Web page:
Understanding Reverse Mortgages

What is a reverse mortgage? A reverse mortgage, often called home equity conversion mortgage (HECM), allows seniors to turn the equity of their homes into cash. It’s essentially the same as a traditional mortgage, except that it doesn’t require you to pay back any money until you move out of your home or die – and even then, you still don’t have to pay it back. To learn more about how reverse mortgages work and how to apply for one, keep reading.

What Is A Reverse Mortgage?

If you’re reading this, you’ve probably heard of a reverse mortgage and are wondering what exactly it is. A reverse mortgage is essentially when you borrow money from your home through an FHA-approved lender (by way of HECM). With these loans, seniors can live freely and comfortably in their homes as they age. In exchange, borrowers pay back lenders with interest as well as give up equity in their homes.

Who Can Get One?

A reverse mortgage is an option for anyone 62 years or older that owns a home. But, depending on how much equity you have in your home, it may not be an option for everyone. Reverse mortgages are often best suited for those who own their homes outright—meaning there’s no mortgage balance left on their home—or those with just enough equity to cover other expenses without depleting all of their assets. If you plan on downsizing or don’t want any of your family members touching your estate, reverse mortgages can be an easy way to accomplish that goal.

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Application Process

You can apply online or at your local mortgage lender. Because reverse mortgages aren’t based on credit scores, most lenders want to speak with you in person or by phone to go over some basic information. Before going into any home buying or investing decisions, it’s a good idea to understand how your decisions will impact your financial well-being down the road. While it’s typically possible, many reverse mortgage applicants are turned away because of their lack of understanding about how their actions today could affect them tomorrow. Make sure you ask questions about anything that seems unclear and if you don’t understand what you read—or what is said—get help from someone who does.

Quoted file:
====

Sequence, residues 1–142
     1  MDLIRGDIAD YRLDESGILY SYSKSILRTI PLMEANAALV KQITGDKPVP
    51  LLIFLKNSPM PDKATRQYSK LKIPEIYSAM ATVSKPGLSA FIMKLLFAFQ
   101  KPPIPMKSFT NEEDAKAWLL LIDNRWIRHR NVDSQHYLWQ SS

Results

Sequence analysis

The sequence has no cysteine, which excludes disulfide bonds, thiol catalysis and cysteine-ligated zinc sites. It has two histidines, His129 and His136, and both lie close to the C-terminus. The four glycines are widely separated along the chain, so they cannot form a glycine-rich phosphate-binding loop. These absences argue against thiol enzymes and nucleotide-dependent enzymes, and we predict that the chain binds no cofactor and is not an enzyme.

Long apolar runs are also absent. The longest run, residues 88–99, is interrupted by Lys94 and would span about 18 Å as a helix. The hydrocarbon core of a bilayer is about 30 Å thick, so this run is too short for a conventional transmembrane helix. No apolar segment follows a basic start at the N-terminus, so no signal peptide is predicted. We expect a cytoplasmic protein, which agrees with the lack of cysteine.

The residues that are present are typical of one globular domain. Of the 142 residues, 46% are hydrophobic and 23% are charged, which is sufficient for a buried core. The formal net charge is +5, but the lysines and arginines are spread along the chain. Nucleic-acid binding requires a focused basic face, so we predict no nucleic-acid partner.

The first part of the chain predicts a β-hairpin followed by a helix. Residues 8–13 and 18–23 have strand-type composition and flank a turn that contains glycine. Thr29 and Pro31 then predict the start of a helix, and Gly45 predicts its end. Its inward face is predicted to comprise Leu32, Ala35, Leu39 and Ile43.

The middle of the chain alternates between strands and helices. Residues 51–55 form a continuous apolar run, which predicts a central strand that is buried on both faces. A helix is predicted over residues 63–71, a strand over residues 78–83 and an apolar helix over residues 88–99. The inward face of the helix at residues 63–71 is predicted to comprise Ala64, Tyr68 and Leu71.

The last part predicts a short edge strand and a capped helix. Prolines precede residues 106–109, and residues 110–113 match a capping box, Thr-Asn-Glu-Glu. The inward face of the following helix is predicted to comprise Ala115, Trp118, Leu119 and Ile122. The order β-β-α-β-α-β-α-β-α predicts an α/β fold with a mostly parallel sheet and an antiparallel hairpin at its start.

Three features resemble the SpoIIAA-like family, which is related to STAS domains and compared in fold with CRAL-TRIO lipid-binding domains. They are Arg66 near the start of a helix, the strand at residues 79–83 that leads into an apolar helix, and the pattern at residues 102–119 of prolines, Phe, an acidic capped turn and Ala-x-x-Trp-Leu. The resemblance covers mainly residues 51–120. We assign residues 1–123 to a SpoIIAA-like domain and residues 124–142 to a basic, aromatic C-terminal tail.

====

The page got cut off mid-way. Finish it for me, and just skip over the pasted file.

Impact on your credit score

When applying for a reverse mortgage, you’ll be required to list all current mortgages on your home, as well as any other loans you have. A lender will use your credit score and credit history to determine whether or not you qualify; if you have lots of debt or unpaid bills, it can hurt your chances of getting approved. Many seniors are currently struggling to pay off debts, however, a reverse mortgage can help in such situations. So, if you’re thinking about getting a reverse mortgage—and especially if it’s likely that you’ll end up with more debt in retirement than when you are currently—do as much financial clean-up as possible before applying so that your loan application is accepted more quickly, and you can proceed to pay off debts efficiently.

Fees & Costs

A reverse mortgage is an appealing concept—you can convert some of your home equity into cash. But be aware that these loans have big fees and interest rates, so you could lose a significant chunk of your home’s value if you don’t use them responsibly. The Consumer Financial Protection Bureau says most borrowers lose more than 40% of their equity in fees alone. If you apply for a reverse mortgage, take time to understand all that goes into it—and talk with other seniors who have taken one out before you make any final decisions.

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Choosing The Right Lender

When you decide that it’s time to apply for a reverse mortgage, you want to make sure that you’re working with a licensed lender and get approved from one of several government-approved lenders. An important consideration here is location: Although most lenders work across state lines, some do not. That can be problematic if you live in one state but prefer to work with a lender in another. Another consideration is qualification: Your income and age play an important role in determining whether or not you qualify for a reverse mortgage—and how much money you might receive. Make sure you find out what your income and age eligibility are before selecting your lender so that they can better help meet your needs.

Deciding to take a reverse mortgage can be a big decision for many senior homeowners, but, when one has enough information and fully comprehends future implications it can definitely be the right choice. While it may not be the best answer to all senior problems, it can definitely support some. The most important factor in the decision making is to understand the terms of a reverse mortgage, the value of one’s home, and how that value will decrease. Finally, seniors must acknowledge that getting a reverse mortgage can mean that eventually this home will not be part of their legacy and come to terms with it.

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